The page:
Mitsubishi Motors North America (MMNA) is celebrating Veterans Day by offering a special discount for active-duty military and veterans through the end of the month.
The launch of this program follows the finish of an MMNA-backed all-veterans team in the 2021 Rebelle Rally, the first women’s off-road navigation rally in the U.S. MMNA partnered with veteran’s nonprofit Record the Journey to sponsor the team.
“Through our ‘Small Batch – Big Impact’ corporate social responsibility program, we’ve been honored to partner with veteran’s nonprofit, Record the Journey, for three years, raising the profile of the valuable work they do on behalf of military veterans,” MMNA COO Mark Chaffin said in a press release. “We’re proud to be able to offer these heroes even more this month, as our nation comes together to recognize those who serve our country.”
By offering its Veterans Day discount all month and nodding to its previous work with veterans and partners, Mitsubishi demonstrates how your brand can extend the footprint of its social responsibility efforts by launching similar, relevant initiatives and campaigns on both sides of a holiday.
Treating a holiday as a guidepost for social responsibility work allows an organic narrative arc to emerge and allows you to time the release of relevant communications accordingly.
Here are today’s top stories:
Green Bay Packers respond to NFL fine for violating COVID-19 protocols
The National Football League (NFL) fined the Green Bay Packers, along with quarterback Aaron Rodgers and wide receiver Allen Lazard, for violating the league’s COVID-19 protocols. The fines came after Rodgers tested positive for COVID-19, and an investigation revealed he had attended press conferences without a mask and a Halloween party despite being unvaccinated.
“We respect the League’s findings and we recognize the importance of adherence to the COVID protocols to keep our team and organization safe and healthy,” Packers president Mark Murphy said in a statement. “We will continue to educate the team regarding the importance of the protocols and remain committed to operating within the protocols.”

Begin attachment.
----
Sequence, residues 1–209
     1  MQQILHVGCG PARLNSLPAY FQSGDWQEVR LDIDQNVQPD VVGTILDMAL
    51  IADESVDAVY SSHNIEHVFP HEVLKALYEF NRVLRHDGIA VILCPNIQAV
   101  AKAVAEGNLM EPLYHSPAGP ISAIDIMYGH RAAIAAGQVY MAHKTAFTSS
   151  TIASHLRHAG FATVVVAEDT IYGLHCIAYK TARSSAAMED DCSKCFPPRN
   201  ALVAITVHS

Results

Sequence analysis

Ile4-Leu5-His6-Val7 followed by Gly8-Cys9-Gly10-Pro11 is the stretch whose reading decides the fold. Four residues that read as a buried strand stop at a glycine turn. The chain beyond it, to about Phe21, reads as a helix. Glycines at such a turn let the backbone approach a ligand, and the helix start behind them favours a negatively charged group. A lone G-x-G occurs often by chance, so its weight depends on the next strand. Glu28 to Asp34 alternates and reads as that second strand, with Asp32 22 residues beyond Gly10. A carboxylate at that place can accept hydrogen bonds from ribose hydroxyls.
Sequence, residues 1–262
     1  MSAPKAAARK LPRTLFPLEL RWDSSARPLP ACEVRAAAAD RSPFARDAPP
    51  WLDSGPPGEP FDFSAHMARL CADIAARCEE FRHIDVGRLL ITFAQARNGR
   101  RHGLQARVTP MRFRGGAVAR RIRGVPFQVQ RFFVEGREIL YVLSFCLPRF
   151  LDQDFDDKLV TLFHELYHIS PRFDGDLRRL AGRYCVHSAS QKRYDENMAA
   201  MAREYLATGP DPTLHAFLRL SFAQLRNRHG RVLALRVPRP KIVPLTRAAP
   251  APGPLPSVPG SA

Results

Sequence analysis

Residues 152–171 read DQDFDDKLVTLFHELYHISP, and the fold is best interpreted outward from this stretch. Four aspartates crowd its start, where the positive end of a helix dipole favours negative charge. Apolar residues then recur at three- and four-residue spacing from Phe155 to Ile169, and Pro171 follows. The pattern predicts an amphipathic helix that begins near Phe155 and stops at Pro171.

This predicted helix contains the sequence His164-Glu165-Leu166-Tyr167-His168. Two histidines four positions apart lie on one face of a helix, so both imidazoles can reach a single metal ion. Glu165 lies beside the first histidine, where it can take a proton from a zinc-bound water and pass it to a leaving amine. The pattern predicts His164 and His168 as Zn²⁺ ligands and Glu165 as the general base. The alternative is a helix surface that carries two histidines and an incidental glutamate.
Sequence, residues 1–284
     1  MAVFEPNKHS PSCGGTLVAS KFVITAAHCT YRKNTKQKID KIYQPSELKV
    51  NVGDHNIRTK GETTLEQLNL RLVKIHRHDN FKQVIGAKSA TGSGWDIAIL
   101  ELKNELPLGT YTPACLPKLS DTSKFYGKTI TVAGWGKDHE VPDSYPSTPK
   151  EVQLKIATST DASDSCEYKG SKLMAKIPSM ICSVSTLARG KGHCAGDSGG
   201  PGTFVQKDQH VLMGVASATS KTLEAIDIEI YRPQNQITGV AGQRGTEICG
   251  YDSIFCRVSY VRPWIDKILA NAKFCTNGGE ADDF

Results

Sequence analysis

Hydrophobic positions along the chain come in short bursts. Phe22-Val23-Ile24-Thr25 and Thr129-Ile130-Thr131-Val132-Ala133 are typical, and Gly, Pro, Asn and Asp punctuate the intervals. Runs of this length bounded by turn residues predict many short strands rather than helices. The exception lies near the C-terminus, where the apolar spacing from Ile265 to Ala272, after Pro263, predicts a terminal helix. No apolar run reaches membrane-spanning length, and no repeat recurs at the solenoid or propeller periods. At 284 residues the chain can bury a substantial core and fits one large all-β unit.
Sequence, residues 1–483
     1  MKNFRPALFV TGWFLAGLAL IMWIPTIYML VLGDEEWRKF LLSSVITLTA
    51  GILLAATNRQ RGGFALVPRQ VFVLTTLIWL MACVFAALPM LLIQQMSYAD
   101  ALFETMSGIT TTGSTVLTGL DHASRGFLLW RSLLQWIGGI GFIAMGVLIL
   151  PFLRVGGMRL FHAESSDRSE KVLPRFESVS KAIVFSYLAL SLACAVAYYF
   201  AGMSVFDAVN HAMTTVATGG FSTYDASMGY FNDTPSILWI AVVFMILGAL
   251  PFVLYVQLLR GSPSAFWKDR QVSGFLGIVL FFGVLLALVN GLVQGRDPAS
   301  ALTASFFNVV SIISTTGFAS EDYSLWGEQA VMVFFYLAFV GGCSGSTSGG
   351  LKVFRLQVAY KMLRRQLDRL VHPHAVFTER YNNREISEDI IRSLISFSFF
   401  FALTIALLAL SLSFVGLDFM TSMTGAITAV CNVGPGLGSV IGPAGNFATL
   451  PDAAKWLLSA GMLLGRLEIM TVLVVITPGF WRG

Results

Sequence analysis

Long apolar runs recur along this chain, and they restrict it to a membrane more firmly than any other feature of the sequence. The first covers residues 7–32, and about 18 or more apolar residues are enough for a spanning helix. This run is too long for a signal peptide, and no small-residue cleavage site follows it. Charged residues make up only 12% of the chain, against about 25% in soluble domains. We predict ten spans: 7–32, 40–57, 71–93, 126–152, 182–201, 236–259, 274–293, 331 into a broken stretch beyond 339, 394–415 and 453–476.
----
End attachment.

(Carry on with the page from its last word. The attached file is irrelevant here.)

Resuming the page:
Speaking Tuesday on YouTube and SiriusXM’s The Pat McAfee Show, Rodgers discussed his decision to not be vaccinated and earlier comments he has made on the subject. “I shared an opinion that’s polarizing,” Rodgers told McAfee, a former NFL punter and kicker who has garnered a wide audience commentating on sports. “I get it. And I misled some people about my status, which I take full responsibility of, those comments. But in the end, I have to stay true to who I am and what I’m about. I stand behind the things that I said.”
What it means:
Rodgers lost at least one sponsor after the scandal broke and it was revealed that he deceived the press when he claimed to be “immunized” against COVID-19. The wide gap between Murphy’s mea culpa and Rodgers’ apology for his deception reveals a disconnect that demonstrates how apologies are better delivered as a joint statement.
Doing so displays a mutual understanding and alignment of message that can convince stakeholders the severity of the issue is understood by all parties involved.
New data from Pew Research reveals that 84% of U.S. adults say they often or sometimes got news from a smartphone, computer or tablet in 2021. More than half (51%) say they did so often. This is a decrease from the 60% of Americans who said they often got news from digital devices in 2020.
This data shows that American digital news consumption continues to outpace the number of people who get their news from broadcast outlets, despite the decline. Consider these numbers when deciding how much time you will spend pitching broadcast programs, and share this information with clients and partners who still consider the placement of broadcast coverage to be the gold standard of earned media wins.
Announcing the PR Daily Leadership Network